After a busy offseason on ESPN broadcasts and getting married, Tim Tebow is ready to give his undivided attention to baseball.
Tebow, 32, will embark on his fourth spring training with the Mets next week in Port St. Lucie since signing his first minor-league contract in September of 2016. And although he’s spent time on four different Mets minor-league affiliates, Tebow is still holding on to his long-shot dream of playing in the MLB.
“I never said I’d make it or succeed, but I won’t give up on this easy,” Tebow told USA TODAY Sports. “What I’m doing is focusing on things I can control so I can look back and have no regrets. Succeeding isn’t really a choice. But fighting, scratching, clawing and believing, those are choices.”
The former quarterback, who had stints with four different NFL teams over the course of a five-year professional football career, is one of 15 non-roster invitees to Mets spring training this year. And Tebow said he’s “locked in.”
In 287 minor league games, Tebow has slashed .223/.299/.338 with 18 home runs and 107 RBIs. Injuries have derailed some of Tebow’s progress, though he played all of last season at Triple-A Syracuse and is likely begin this season there, as well. A laceration to his left pinky in late July cut his 2019 season short and a broken bone in his right hand ended his 2018 campaign prematurely as well.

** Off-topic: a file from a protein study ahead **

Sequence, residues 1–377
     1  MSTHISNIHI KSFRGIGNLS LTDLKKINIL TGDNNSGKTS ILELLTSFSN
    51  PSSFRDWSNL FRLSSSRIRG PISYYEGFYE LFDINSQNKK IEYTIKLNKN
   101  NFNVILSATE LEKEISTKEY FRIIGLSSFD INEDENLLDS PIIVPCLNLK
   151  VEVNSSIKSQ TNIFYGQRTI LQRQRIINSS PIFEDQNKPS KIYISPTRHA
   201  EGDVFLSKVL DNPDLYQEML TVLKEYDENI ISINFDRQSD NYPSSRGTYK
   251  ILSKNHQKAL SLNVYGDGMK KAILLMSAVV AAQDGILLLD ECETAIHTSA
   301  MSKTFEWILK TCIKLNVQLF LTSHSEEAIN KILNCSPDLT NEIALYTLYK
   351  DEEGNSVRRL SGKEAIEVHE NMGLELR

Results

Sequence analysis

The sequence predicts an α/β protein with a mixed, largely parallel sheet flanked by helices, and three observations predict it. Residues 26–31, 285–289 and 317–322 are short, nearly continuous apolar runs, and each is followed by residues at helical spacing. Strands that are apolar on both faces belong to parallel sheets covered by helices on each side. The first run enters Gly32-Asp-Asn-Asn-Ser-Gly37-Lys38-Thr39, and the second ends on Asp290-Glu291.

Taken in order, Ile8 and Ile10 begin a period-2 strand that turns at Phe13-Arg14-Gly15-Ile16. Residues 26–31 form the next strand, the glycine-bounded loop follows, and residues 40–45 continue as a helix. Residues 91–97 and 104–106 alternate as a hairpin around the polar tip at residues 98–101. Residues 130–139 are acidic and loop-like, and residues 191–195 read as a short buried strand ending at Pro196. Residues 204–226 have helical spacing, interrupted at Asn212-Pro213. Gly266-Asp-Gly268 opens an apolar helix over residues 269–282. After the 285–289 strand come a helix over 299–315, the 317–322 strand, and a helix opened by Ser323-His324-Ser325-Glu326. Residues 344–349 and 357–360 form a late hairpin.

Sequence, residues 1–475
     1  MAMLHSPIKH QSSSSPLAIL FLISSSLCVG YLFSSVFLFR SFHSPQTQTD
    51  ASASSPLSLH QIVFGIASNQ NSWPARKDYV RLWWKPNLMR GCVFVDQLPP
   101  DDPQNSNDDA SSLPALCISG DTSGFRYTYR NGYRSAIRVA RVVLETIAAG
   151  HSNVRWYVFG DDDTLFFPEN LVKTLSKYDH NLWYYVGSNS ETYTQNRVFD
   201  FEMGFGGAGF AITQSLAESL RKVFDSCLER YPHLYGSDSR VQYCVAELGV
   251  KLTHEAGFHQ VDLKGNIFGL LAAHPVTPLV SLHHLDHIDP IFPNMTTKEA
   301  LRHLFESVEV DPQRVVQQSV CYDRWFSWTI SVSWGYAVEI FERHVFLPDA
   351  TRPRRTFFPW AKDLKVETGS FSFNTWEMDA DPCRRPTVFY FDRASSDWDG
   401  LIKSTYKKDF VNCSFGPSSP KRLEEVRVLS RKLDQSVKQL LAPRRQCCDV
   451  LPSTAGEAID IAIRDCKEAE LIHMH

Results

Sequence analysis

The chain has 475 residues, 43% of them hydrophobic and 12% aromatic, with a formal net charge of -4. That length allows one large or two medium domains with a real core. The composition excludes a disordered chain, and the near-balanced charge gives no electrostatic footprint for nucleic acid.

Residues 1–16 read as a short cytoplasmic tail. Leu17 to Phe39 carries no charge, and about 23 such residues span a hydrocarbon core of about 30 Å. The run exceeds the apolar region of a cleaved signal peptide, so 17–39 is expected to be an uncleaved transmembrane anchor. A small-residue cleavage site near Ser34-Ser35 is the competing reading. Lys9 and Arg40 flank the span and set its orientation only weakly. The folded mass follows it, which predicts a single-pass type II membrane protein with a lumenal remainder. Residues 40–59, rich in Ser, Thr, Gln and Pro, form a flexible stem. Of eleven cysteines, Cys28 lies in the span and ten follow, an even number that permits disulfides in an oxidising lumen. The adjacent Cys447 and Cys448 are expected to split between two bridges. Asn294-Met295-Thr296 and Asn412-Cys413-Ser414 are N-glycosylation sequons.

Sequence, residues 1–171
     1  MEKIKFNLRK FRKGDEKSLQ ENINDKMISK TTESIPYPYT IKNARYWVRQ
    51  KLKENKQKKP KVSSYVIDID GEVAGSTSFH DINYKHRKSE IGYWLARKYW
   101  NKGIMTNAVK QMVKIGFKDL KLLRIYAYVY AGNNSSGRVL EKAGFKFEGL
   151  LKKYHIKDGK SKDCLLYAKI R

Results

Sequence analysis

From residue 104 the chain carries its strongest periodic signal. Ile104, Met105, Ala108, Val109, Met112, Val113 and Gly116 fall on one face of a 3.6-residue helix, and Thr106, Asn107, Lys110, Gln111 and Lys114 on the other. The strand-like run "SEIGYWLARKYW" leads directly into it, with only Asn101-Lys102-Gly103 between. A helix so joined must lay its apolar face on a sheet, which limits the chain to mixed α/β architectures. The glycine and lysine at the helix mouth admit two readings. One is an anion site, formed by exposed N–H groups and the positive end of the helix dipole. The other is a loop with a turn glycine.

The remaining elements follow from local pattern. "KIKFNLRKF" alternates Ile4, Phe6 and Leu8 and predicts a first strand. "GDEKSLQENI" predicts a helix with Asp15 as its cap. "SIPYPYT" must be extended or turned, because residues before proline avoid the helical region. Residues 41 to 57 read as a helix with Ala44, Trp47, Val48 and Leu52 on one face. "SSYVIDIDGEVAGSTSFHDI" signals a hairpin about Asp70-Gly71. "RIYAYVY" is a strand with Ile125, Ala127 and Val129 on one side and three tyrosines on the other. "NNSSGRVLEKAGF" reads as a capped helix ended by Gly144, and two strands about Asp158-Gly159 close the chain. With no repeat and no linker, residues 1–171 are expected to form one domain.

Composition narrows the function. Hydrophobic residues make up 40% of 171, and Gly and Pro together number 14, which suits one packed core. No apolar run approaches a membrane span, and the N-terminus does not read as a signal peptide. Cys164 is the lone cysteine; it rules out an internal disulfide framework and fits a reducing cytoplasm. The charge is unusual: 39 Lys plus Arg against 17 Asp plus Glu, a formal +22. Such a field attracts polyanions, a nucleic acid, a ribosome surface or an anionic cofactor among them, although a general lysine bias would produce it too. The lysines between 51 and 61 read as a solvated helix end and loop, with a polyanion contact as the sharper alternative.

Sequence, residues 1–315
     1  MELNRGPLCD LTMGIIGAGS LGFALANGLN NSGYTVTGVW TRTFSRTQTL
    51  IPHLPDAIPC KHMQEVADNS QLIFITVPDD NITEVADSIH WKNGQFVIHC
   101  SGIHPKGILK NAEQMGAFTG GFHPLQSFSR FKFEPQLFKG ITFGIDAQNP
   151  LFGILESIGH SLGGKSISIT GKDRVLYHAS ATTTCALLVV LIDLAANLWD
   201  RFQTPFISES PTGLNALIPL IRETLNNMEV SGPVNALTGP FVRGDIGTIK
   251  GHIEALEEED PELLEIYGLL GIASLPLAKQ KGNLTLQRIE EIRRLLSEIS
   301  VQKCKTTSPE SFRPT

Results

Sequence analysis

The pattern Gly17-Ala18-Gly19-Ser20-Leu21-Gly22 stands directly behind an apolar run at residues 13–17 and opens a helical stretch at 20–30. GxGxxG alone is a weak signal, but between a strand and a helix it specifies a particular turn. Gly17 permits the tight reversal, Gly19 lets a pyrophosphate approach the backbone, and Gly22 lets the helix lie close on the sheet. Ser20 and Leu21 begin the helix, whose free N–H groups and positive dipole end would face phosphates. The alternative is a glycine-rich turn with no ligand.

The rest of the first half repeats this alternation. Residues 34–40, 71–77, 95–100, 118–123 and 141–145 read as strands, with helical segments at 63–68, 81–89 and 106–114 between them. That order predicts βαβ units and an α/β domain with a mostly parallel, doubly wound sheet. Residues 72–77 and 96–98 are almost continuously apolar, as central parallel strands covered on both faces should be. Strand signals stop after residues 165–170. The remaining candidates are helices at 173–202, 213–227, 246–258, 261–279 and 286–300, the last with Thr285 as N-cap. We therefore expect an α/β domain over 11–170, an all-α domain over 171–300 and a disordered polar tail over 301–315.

“Baseball is something that means a lot to me,” Tebow said. “It’s a hard game that I picked up after 12 years of not playing it (seriously). I’ve definitely gone through lows with injuries to both hands, and gone through some slumps. But then I’ve also had my highs – hitting home runs and getting hot in the Double-A All-Star game.”
Tebow made a name for himself while playing football for Florida, winning the Heisman Trophy in 2007 before the Broncos drafted him 25th overall in the 2010 NFL Draft. His transition to baseball made headlines, considering the divisive star status he carries with him.
While playing for Double-A Binghamton before his injury in 2018, Tebow hit a career-high .273/.336/.399 with a three-run home run in his first at-bat for the Rumble Ponies. Tebow went on to compete in the Eastern League All-Star game.
But of all the stages in his life, Tebow believes he’s had to be the most resilient in baseball.
“It’s more important to me to be someone who is resilient, a fighter and believer,” Tebow said. “That’s the type of man I aspire to be, not just in baseball. Whether you’re at the top of the (mountain) or bottom of the valley I want to be the same person who doesn’t change based on circumstances.”